The Stocks Are Headed For The High Ground, The Oil Is Stuck

LONDON (Reuters) - Europe led world stock markets back to higher ground on Thursday as tentative moves to reopen parts of the some of its larger coronavirus-hit economies offset some truly stinking global economic numbers.

Asian equities and U.S. futures had wilted earlier in the day after warnings of a Great Depression-style slump in the world economy, a record plunge in U.S. retail sales, oil near an 18-year low [O/R] and the prospect of a sky high jump in U.S. jobless claims later in the session.

But the pan-European STOXX 600 index rose over 1% in early trade, spurred by a drop in the virus death tolls in both Spain and Italy and reassuring statements from two of the continent’s big budget airlines about their survival prospects. [.EU]

Wall Street futures ESc1 recovered, too, and in the currency and bond markets both the dollar USD= and benchmark German Bund and U.S. Treasury yields shifted higher in the more 'risk-on' mood. [/FRX] [GVD/EUR]

“We have had this big wave of big announcements by governments and central banks and now we need to get into the nitty gritty of how it all works,” said AXA Investment Managers chief economist Gilles Moec.

“We need to see if it is working, how it is working and if we need to do more.”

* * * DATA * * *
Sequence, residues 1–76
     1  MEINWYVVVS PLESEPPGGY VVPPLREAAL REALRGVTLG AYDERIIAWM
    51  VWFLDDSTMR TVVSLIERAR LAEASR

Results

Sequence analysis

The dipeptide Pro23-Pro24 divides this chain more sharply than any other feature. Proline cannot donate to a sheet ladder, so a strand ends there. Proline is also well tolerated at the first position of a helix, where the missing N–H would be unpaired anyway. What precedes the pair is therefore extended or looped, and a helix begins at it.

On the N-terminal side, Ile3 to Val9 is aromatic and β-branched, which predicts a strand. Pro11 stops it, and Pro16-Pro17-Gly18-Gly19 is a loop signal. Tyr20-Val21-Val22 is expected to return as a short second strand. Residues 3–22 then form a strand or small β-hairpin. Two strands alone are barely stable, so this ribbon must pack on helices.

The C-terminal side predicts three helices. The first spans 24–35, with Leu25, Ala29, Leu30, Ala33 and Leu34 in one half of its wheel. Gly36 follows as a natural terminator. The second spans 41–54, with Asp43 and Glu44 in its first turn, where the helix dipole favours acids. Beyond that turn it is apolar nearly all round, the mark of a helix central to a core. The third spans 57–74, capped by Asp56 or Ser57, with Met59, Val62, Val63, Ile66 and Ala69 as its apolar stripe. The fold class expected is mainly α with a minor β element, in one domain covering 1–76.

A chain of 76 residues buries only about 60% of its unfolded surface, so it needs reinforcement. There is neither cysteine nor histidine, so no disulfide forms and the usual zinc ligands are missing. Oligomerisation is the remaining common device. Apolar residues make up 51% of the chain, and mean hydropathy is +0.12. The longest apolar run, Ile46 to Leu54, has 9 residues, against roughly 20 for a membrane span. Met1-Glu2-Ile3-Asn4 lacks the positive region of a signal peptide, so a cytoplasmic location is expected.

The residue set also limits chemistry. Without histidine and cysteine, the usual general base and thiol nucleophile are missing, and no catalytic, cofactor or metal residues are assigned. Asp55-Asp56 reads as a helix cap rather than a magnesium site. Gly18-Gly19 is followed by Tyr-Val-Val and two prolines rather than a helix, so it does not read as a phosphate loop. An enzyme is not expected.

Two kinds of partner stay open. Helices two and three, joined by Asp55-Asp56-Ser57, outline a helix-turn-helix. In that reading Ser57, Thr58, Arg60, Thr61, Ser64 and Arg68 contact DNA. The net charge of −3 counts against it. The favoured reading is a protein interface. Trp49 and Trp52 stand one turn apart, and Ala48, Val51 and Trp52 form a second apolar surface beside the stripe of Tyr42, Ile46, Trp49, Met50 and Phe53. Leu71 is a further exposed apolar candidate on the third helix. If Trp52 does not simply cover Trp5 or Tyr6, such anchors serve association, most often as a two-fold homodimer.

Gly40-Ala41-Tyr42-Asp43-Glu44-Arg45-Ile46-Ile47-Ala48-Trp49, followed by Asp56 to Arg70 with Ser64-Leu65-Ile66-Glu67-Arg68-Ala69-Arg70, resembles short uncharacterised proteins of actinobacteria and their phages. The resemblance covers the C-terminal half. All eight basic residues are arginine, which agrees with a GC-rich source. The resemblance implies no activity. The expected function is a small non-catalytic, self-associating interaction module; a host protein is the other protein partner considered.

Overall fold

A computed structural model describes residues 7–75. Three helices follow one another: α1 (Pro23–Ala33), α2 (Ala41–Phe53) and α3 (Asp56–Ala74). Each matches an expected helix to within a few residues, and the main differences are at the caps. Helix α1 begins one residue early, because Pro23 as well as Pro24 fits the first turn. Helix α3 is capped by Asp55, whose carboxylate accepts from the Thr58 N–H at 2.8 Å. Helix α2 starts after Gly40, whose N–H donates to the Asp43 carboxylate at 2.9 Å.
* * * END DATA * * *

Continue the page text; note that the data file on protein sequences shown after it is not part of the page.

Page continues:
Markets may be seizing on the fact that policymakers, however reluctantly, are starting to allow stringent lockdowns to ease.

Germany is proposing to reopen schools and some retailers starting May 4, while around 20 U.S. states spared the worst of the coronavirus pandemic may start reopening their economies by President Donald Trump’s May 1 target date.


Firms are looking to restart as well. Volkswagen has said its factories in Germany and Slovakia will resume some production from April 20 with others following a week later.

But the economic figures are dire. After the IMF’s forecasts for this year, markets are expecting China to report on Friday that Q1 GDP contracted for the first time on record, and hopes for a quick rebound are fading fast.

A Reuters survey showed that most Japanese firms feel stimulus announced so far are insufficient and Wednesday’s U.S. data also showed manufacturing output there dropping the most in over 74 years.

OIL IN A RUT
Asia had had a difficult day as a result. Tokyo’s Nikkei dropped 1.3% and MSCI’s broadest index of Asia-Pacific shares outside Japan .MIAPJ0000PUS lost almost 1%, wiping out early week gains that had taken it to a one-month high.

The risk-sensitive Australian dollar AUD=D3 fell to a one-week low and oil prices struggled to rise against the expectation of cratering demand.

U.S. crude CLc1 sat at $20.22 per barrel, just over $1 above an 18-year low hit on Wednesday, and Brent crude LCOc1 rose 37 cents or 1.3% in European trade to $28.02 per barrel.

The International Monetary Fund is predicting zero growth in Asia this year for the first time in 60 years, as exporters are pounded by slumping demand and anti-virus measures force consumers to stay home and shops to shut down.


Benchmark indexes in Australia , Hong Kong .HSI and Shanghai .SSEC also posted falls between 0.4% and 1.3% and some emerging markets fell harder.

“A recovery timeline...remains impossible to predict,” said Ronald Lam, chief customer officer at airline Cathay Pacific (0293.HK), which has slashed nearly all its passenger capacity and lost a fifth of its value this year.

 

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